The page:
-why is music the stupidest art in its popular form, as I realize whenever someone turns on the radio at work and I'm forced to hear 'Everybody dance now!!' at 9 o'clock in the morning
-Hollywood films, as well, have become more and more stupid over time, for us old people the idea of having comic books as movie releases is inane/insane
-surely these are signals, along with the entirety of twitter, indicating the decline of our civilization
-how are the optimists among us able to maintain that, worldwide, things are bound to improve (without simultaneously being climate change denialists, I might add) without an element of psychosis

No idea what the title means (Лоренцс, Карлсонс, Плакидис, Васкс) or the name of this song (Концертино для симф. орк. и рок-группы) or the provenance of this, or even what this is, or even who the brilliant composer is.  Danged Russians and their secret writing...
Hopefully a commenter will enlighten us again!

Discogs page here.  Composer of the first track is Zigismunds Lorencs, with his discography here and the title of his incomparable work is appropriately enough Concertino for symphony orchestra and rock band.  The musicians were from Latvia, though the release is Russian of course.

Friday 15 November 2019

Andrei Kondakov Ensemble from 1987

Light fusion in the typical Russian style-- like the series I posted earlier with Dustar, Jazz Quintet of the Soloists, etc., this features some really interesting compositions.  Definitely not your usual jazzy 1987 commercialese with 99 percent super-boring solos album.  E.g., track 3 (called Question):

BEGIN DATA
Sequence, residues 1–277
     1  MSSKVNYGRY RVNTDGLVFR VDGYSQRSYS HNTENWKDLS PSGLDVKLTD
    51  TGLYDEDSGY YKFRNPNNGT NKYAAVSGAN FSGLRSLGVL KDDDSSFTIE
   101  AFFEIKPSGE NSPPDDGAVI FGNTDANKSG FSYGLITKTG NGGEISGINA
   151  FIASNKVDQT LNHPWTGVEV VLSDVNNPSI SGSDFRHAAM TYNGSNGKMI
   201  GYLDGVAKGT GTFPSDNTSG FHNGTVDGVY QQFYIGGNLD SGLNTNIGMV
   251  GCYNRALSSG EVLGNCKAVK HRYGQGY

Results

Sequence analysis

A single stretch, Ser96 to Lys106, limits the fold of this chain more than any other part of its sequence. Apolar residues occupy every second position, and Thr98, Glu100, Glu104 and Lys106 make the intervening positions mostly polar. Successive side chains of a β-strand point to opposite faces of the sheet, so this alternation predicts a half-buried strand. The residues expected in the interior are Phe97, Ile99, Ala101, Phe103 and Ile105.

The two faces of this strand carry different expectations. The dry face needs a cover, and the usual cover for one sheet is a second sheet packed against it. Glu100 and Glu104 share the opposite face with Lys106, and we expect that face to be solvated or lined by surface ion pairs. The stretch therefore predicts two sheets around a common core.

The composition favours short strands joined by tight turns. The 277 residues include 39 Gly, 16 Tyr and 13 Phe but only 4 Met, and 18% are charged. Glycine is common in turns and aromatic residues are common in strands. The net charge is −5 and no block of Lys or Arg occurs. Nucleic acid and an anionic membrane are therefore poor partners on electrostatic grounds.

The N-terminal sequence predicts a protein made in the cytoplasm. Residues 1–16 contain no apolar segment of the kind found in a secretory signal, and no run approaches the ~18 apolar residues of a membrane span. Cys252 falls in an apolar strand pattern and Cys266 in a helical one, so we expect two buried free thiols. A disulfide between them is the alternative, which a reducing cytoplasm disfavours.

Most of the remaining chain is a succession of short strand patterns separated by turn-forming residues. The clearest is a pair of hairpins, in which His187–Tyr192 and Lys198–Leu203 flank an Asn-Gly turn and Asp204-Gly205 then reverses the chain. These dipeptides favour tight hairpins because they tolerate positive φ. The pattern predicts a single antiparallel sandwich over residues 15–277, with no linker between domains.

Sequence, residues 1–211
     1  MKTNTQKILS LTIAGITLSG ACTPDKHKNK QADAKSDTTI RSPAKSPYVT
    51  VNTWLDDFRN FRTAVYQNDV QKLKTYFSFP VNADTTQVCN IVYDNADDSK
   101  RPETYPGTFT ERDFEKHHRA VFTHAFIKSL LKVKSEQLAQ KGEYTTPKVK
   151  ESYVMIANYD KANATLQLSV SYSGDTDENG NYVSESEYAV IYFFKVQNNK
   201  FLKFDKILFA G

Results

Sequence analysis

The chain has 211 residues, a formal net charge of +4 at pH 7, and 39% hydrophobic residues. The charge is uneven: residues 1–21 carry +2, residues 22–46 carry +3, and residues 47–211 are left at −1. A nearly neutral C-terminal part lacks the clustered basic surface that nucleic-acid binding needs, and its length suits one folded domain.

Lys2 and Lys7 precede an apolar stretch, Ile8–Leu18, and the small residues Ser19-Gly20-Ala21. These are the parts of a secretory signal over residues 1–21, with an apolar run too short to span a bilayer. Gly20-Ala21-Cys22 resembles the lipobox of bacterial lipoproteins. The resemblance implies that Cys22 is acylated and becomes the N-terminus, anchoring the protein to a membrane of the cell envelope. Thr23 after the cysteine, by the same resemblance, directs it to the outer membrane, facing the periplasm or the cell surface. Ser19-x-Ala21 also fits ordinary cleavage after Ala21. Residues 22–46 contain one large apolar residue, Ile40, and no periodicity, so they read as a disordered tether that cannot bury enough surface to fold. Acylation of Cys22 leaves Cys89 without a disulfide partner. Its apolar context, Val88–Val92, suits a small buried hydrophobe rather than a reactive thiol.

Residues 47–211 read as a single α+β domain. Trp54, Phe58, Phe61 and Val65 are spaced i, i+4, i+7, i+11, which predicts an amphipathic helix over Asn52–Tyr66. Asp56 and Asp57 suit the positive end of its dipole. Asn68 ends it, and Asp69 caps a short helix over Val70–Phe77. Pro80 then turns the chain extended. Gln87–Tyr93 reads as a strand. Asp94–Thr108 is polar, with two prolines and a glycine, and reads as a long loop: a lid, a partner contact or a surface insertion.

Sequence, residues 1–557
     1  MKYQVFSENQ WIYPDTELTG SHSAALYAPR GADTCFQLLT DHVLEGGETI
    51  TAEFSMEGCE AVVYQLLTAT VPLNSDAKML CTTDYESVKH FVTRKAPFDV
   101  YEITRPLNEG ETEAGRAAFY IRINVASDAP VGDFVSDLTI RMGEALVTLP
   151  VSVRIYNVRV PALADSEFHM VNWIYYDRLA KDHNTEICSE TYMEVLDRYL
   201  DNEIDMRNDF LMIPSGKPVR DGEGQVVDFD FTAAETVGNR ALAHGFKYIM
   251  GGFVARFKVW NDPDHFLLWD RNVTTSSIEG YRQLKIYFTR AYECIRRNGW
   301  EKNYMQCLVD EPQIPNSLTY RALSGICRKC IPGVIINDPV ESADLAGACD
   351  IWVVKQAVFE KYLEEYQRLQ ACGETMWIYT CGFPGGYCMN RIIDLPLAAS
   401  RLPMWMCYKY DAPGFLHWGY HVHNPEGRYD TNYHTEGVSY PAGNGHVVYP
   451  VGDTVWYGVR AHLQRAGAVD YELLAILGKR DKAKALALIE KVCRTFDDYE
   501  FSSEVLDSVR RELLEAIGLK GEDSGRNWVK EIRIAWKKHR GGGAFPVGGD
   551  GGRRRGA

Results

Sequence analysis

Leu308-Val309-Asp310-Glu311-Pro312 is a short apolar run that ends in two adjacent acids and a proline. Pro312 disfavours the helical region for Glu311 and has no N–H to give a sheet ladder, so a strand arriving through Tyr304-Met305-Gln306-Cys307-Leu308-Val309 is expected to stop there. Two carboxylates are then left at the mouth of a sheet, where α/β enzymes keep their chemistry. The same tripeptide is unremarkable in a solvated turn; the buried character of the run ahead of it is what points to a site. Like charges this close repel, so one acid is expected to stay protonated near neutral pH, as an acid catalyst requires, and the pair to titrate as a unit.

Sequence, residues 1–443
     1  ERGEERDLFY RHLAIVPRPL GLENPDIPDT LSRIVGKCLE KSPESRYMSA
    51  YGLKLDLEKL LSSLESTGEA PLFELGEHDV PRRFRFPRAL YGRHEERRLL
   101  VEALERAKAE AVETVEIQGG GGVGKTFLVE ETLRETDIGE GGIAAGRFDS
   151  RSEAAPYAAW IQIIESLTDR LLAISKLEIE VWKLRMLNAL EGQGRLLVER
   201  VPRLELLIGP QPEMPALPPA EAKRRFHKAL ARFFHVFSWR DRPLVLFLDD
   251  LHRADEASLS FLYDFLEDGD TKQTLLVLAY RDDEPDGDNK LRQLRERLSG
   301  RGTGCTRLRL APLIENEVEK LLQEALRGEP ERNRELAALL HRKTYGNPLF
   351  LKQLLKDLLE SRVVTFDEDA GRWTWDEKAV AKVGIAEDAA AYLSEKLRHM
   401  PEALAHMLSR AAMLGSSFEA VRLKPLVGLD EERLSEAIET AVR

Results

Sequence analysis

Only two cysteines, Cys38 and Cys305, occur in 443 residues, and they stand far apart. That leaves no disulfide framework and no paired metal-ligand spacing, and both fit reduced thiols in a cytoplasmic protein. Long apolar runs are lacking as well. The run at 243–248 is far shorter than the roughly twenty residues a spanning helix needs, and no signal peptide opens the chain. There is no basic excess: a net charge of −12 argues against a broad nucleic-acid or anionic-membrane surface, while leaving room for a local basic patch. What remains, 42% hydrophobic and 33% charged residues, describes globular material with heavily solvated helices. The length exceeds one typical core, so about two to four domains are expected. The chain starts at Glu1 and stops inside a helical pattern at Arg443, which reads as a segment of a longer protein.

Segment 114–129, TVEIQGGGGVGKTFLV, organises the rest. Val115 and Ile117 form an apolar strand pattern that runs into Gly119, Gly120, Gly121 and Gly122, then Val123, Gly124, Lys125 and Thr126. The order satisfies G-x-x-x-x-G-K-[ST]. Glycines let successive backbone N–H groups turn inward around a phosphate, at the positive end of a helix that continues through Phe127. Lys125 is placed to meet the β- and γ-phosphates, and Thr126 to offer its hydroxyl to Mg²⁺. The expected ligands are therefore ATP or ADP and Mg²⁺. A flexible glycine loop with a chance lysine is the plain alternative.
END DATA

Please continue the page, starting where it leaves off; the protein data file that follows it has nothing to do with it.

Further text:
some information retrieved by a commenter, and thank you very much for this:

Some information this vinyl LP
Jazz Ensemble P/U A. Kondakov - In the Night City
Label: || Мелодия ‎Cat.№.: С60 25159 004 || 1987
▶ Андрей Кондаков / Andrey Kondakov Leader / Piano
▶ Петр Шафоростов / Petr Shaforostov Bass
▶ Василий Катанов / Vasily Katanov Drums
▶ Эдуард Кот / Edward Cot Flugelhorn / Trumpet
on tracks: A1 / A2 / B2
▶ Виктор Филиппов / Victor Filippov Soprano Saxophone
on tracks: A1 / B1
Tenor Saxophone
on tracks: A2 / A3 / B2 / B3
▶ Алексей Чекалев / Alexey Chekalev Tenor Saxophone
on tracks: A1 / B1 to B3
A1 Праздничный День / Holiday 6:27
A2 Песня Без Слов / Song Without Words 8:40
A3 Вопрос / Question 3:52
B1 Полдень В Париж / Noon In Paris 5:13
B2 В Ночном Городе / In the Night City 6:45
B3 Нерв / Nerve 6:00

Big thanks Julianryan for this vinyl
Greetings from ANKARAN_ANCARANO.......Gugli

Wednesday 13 November 2019

More from Rudolf Tomsits Jazz Group with the Light Symphony (Hungary, 1980)

A couple of weeks of Eastern European albums for now, do I dare call it a Fortnight.  Though it does seem the ridiculous craze is dying down now.